There are a variety of ways to improve workflow in radiology departments, from bringing in newer and more powerful imaging equipment with better functionality, to utilizing more sophisticated post-processing with intuitive operating systems and computer-aided diagnostic tools. While undeniably beneficial for improving clinical outcomes, these changes often require significant capital expenditures and additional staff training. Sometimes, however, the key to optimizing a process is making one small, yet fundamental change that can ripple throughout the care chain, from provider to patient.
A growing number of radiology departments are doing just that by switching to Ultraject™ prefilled contrast syringes for their computed tomography (CT) procedures.
Indeed, by making this small but pivotal change to their workflows, these departments are giving their radiologic technologists more time to potentially focus on delivering high-quality imaging, on adhering to patient safety protocols and on delivering a positive patient experience.
In a professional environment where technologist burnout is a reality, healthcare providers from a cross-section of facilities in the U.S. recently weighed in on how switching to prefilled syringes is helping them to achieve productivity gains, optimize patient care, reduce stress and lead to happier, more engaged technologists.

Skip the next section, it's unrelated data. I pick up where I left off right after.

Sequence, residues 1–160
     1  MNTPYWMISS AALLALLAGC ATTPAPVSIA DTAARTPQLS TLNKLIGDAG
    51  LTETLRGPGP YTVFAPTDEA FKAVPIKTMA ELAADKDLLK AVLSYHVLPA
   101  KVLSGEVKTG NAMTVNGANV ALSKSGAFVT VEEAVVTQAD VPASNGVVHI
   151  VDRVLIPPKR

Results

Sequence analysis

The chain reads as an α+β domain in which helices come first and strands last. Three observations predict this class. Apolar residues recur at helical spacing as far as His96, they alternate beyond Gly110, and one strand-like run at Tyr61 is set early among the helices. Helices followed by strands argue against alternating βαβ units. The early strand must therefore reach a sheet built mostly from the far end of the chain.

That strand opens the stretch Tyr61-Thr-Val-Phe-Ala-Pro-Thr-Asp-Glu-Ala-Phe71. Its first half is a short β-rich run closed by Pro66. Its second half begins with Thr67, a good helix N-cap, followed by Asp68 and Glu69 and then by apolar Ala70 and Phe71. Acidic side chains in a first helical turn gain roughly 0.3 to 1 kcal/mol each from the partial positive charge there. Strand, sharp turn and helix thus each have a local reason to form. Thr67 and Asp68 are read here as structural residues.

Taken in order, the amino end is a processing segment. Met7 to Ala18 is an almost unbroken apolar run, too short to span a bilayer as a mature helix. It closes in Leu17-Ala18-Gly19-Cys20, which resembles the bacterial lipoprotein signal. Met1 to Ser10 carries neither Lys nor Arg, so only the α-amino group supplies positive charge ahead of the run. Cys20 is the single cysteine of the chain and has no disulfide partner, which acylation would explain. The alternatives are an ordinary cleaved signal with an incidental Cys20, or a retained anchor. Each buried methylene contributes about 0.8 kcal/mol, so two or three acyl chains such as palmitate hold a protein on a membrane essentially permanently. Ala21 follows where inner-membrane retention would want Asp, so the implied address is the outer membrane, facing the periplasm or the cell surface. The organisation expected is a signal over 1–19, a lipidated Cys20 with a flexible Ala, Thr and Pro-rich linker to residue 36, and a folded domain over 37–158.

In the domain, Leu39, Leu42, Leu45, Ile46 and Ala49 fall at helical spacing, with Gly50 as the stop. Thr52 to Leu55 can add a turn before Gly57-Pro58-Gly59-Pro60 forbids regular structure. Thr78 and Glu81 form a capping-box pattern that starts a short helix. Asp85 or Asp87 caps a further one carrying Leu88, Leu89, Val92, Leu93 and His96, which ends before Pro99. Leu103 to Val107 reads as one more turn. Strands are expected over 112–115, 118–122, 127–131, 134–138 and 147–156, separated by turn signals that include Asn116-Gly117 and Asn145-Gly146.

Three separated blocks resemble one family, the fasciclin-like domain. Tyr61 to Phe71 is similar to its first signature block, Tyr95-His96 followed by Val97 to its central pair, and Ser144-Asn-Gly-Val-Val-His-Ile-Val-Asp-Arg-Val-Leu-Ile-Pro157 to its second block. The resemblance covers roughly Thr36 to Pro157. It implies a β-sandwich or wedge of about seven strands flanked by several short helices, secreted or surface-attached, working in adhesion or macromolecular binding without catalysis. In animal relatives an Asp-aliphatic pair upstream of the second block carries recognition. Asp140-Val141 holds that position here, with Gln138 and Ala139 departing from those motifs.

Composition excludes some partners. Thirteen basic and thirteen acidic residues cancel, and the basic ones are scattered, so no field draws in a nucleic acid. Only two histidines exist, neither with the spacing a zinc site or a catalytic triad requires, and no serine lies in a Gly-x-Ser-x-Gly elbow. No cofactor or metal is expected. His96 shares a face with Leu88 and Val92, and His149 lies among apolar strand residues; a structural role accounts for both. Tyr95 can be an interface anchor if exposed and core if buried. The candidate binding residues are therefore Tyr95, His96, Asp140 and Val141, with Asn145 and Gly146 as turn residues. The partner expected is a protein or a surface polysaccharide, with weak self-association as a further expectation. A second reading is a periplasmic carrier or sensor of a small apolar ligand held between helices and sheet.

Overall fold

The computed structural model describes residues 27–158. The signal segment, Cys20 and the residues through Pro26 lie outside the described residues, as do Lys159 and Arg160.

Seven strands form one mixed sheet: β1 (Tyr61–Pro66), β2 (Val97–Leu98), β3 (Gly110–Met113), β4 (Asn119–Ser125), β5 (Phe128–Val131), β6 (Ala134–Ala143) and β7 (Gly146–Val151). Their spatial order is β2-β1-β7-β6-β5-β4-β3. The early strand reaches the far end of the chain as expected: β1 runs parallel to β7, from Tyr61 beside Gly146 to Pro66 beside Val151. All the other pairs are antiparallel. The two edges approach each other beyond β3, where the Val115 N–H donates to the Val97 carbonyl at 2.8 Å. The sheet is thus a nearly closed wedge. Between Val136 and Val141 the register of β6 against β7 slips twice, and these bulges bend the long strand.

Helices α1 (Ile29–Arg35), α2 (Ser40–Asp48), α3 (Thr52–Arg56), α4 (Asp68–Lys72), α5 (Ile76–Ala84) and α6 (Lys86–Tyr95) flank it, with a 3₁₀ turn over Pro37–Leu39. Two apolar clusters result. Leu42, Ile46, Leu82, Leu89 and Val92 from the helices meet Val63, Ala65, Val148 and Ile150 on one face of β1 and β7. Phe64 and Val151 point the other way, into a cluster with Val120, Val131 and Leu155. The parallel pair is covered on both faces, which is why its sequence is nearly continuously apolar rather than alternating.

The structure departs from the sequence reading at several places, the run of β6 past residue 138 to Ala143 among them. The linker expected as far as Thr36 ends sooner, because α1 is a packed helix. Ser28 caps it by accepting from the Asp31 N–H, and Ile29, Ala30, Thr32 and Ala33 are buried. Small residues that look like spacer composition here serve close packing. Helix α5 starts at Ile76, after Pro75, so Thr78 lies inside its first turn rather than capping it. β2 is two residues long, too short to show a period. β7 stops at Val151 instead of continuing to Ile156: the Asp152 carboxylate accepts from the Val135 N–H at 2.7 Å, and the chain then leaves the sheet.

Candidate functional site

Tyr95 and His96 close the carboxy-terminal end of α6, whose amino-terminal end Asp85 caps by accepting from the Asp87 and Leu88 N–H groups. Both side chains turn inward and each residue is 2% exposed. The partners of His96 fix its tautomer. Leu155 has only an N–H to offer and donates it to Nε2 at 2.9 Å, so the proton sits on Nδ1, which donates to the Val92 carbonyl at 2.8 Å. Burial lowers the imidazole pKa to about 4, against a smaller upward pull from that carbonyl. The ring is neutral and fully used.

The user-centric design of prefilled contrast syringes, by definition, promises a compelling user experience because it automates a portion of the technologist’s workflow in a way that is intuitive, easy to use, and desirable by the technicians. Using prefilled syringes in combination with compatible injectors offers technologists a closed, sterile system that’s designed to work together and streamline workflow.
“I’ve been a CT tech for almost 20 years, and have worked extensively with different power injectors and syringes. To me, it was always very cumbersome and I remember thinking, ‘Why isn’t the contrast already in the syringe?’ And that was how I felt 20 years ago,” remarked Don Owens, Director of Imaging at TriHealth in Cincinnati, Ohio.
As Imaging Director, Owens saw the introduction of prefilled contrast syringes as an opportunity to make what he described as an important change to radiology at TriHealth. Prior to making the switch, he surveyed his staff of technologists.